At UCL History we value the importance of sharing our work with audiences beyond academia.
Members of the department from undergraduate level upward regularly take part in activities aimed at new audiences or held in public spaces. Below, you can find information on some of our recent activity.
If you work at a school or sixth-form college and are interested in working with UCL History academics, click through to visit our Outreach page.
Exhibition: The Museum of Ordinary Animals
Kathleen Walker-Meikle is amongst the team who put together this exhibition at UCL's Grant Museum, which tells the story of the boring beasts that have changed the world: the mundane creatures in our everyday lives including dogs, pigeons, cats, cows, chickens, and mice. These animals are rarely represented in natural history museum displays. They are not special enough. But from September - December 2017, The Museum of Ordinary Animals puts them front and centre, investigating their extraordinary impacts on humanity and the natural world.
Remembering 1960s British Cinema-going: talks and screenings
The AHRC-funded Remembering 1960s British Cinema-going project, run by Melvyn Stokes and Patrick Glen, is specifically intended to disseminate the results of an earlier AHRC research project. As such, the project team regularly stage public screenings and talks to discuss the results of their work. An up-to-date schedule of events can be found on the project pages; and you can read a blog post about one of their immersive screenings, written by a student participant, on the UCL History blog.
UCL Festival of Culture 2017
In June each year, the annual Festival of Culture invites members of the public into UCL for a series of talks and events sharing research from the joint faculties of Arts and Humanities, and Social and Historical Sciences. This year there were three contributions from UCL History staff: the Legacies of British Slave-ownership project hosted a film screening and walking tour; Ben Kaplan interviewed author Peter Stanford about his recently-published biography of Martin Luther; and Florence Sutcliffe-Braithwaite delivered a public lecture about her current research project on women and the miners' strike. PhD student Ryan Low also contributed, joining students from across the university working on topics in Medieval history to present a bitesized summary of his research.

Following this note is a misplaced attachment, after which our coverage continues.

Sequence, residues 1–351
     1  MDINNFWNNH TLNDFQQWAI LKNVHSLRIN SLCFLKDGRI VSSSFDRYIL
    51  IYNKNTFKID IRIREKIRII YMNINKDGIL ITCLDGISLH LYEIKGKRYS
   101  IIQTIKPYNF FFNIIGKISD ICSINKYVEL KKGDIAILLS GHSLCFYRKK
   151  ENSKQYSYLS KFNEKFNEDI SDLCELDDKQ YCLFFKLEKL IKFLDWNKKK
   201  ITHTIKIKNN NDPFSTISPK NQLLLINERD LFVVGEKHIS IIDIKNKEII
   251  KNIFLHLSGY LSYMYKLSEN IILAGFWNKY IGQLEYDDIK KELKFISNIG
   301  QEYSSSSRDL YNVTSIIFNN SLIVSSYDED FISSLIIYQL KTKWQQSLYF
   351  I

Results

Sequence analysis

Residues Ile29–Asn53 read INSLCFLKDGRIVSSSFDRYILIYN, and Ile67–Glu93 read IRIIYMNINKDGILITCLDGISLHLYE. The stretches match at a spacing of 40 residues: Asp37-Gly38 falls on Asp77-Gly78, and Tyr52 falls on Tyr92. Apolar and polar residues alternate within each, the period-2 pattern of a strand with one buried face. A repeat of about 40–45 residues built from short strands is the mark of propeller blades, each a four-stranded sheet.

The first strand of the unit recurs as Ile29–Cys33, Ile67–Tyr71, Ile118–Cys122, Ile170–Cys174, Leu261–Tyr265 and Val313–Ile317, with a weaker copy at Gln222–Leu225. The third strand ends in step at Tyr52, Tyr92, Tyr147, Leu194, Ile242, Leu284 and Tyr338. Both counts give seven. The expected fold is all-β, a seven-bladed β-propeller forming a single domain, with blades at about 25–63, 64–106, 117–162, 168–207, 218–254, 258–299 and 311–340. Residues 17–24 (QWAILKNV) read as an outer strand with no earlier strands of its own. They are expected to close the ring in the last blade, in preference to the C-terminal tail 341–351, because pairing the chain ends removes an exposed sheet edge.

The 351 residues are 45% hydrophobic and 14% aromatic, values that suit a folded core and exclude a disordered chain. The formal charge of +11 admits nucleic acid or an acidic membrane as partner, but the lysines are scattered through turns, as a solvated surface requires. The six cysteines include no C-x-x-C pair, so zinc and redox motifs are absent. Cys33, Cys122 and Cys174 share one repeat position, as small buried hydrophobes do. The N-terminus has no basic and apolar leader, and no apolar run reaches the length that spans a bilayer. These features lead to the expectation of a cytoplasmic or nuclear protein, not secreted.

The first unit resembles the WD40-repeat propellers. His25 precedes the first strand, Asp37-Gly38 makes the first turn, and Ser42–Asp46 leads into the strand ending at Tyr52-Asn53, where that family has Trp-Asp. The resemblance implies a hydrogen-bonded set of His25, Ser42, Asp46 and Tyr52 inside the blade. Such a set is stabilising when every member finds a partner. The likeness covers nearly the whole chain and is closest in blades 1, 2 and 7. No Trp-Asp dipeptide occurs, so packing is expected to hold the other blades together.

YiMovi 2017: Chinese Film and the Medical Humanities
In May-June 2017, Vivienne Lo co-organised this film festival at Peking University Medical Campus. The exhibition featured three films which tackled major challenges in understanding disability in China, with the aim of raising public awareness of Sinophone cinema and the cross-cultural medical humanities.
In October 2017 Vivienne also participated in a panel discussion at UCL as part of the European premiere screening of The Silent Teacher, a moving and intellectually provocative Taiwanese documentary on body donation for medical training and research.
Other public lectures and appearances
In August 2017, Kathy Burk appeared as part of the BBC Proms Extra season, participating in a discussion about Abraham Lincoln at Imperial College Union in advance of a performance of Aaron Copland's Lincoln Portrait.